A characteristic of investing that will never change is that the sun will always be shining on something. In the past decade, the sun has shone brightly on high-relative price ‘growth’ stocks, while relatively cheap ‘value’ stocks have remained deep in the shadows, neglected and unloved.
This has sparked a vigorous debate among investment professionals about whether growth stocks, like formerly pasty-skinned holidaymakers falling asleep on Mediterranean beaches, have had too much of a good thing, or whether value is out of favour for good.
Certainly, there is a significant body of research showing there is a long-term premium available for investors who tilt their portfolios away from glitzy growth toward less fashionable value stocks — ones with low prices relative to fundamentals like earnings or book value.
The problem is that no one has worked out either when and where that premium will kick in. Of course, that hasn’t stopped some of the world’s best fund managers from trying to unlock a pattern, but most admit that timing is a fool’s game.
Why have growth stocks had such a good run?
As to why growth stocks (Amazon, Apple, Microsoft etc.;) have enjoyed such a run, there are several theories. One is that the era of central bank-led cheap money lifts the relative attraction of the expected strong future cash flows of growth stocks. This is known as the hunt for yield.
Another theory is that in an era of stagnant economic growth and significant technological disruption of many industries such as retailing and media, the share prices of traditional capital-intensive businesses risk becoming permanently depressed. This is known as the “value trap”.
A third theory is that the growth of so-called “passive” investing, in which funds just seek to track an index instead of making active bets on individual stocks and sectors, has created a self-perpetuating cycle in which high priced growth stocks just become more and more inflated.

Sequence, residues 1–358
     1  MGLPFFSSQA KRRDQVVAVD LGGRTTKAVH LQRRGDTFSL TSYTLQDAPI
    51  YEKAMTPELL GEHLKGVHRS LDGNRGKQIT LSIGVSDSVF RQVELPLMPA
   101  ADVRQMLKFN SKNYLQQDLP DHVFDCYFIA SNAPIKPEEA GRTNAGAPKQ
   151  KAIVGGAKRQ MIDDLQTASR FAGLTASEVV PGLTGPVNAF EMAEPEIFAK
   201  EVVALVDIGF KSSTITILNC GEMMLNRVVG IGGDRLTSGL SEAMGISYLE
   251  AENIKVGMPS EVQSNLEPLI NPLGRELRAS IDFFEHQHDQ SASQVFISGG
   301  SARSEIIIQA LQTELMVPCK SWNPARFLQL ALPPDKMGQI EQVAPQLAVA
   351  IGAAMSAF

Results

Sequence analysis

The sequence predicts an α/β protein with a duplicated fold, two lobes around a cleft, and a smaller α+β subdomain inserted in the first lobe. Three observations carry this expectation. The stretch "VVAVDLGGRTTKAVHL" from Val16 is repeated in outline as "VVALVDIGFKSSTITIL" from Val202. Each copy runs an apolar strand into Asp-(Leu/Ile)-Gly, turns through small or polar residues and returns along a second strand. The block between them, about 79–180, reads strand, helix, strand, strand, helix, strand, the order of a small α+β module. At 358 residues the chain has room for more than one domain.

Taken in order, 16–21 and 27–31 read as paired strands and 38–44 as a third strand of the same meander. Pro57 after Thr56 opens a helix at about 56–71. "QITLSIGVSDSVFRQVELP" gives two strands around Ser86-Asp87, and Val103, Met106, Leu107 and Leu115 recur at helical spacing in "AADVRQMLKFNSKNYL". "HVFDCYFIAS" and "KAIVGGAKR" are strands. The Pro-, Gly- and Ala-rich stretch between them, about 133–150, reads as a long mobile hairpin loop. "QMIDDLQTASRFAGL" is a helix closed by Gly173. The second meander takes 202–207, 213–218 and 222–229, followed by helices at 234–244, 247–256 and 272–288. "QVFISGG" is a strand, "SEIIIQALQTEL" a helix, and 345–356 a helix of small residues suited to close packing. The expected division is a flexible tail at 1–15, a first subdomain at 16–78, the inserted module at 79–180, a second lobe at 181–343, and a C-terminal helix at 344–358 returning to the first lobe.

The value premium isn’t dead
But these explanations, however persuasive on the surface, still overlook that long periods of underperformance for value are not unheard of and, in any case, don’t really tell us anything about what might happen next.
They also neglect to consider that the problem is not so much that something has gone wrong with the value premium, but that growth has had quite an exceptional decade.
Analysis by Dimensional Fund Advisors shows that while growth’s annualised compound return of 16.3% in the past decade was much stronger than its return over 90 years of 9.7%, the performance of value in the most recent 10 years at 12.9% was close to its long-term average.
A second point is that much of the attention on the value-growth conundrum has focused exclusively on the US market, when in fact the value premium has been positive in many other markets over the past decade, including New Zealand, Singapore, Canada and Australia.
As well, in past periods when value has turned, it has done so in spectacular fashion, such as after the tech wreck of the early 2000s.
Some takeaways for investors
We can draw a few conclusions from this. One is that the evidence still points to a long-term premium from value. That doesn’t mean it will be there every year or even decade. Of course, if it was predictable, it wouldn’t exist. It would be arbitraged away.
A second conclusion is that these premiums aren’t uniform across different markets. That argues for global diversification. At some point, value will kick in somewhere, so if you spread your net sufficiently wide, you’ll capture it.
A third conclusion is that you do not have to be focused entirely on value anyway. You can hold in your portfolio a mix of large, small, growth and value stocks. You might tilt your portfolio to value, but you can still get the benefit of growth when it is having its time in the sun.
Finally, consider this. The spread between value and growth stocks, measured by book-to-market ratios is now as wide as it was in 1992, when Professors Eugene Fama and Kenneth French published the landmark paper which highlighted the value premium.
That means the potential for outsized returns is greater now than it has been for some time. But as Warren Buffett says, you need to be patient and you must know that you can live with the ride in the meantime.
Value eventually will find its place back in the sun. But no one knows when.
Also in this series:
Five better strategies than timing the market
Stock price movements: How predictable are they?
How much risk should you take?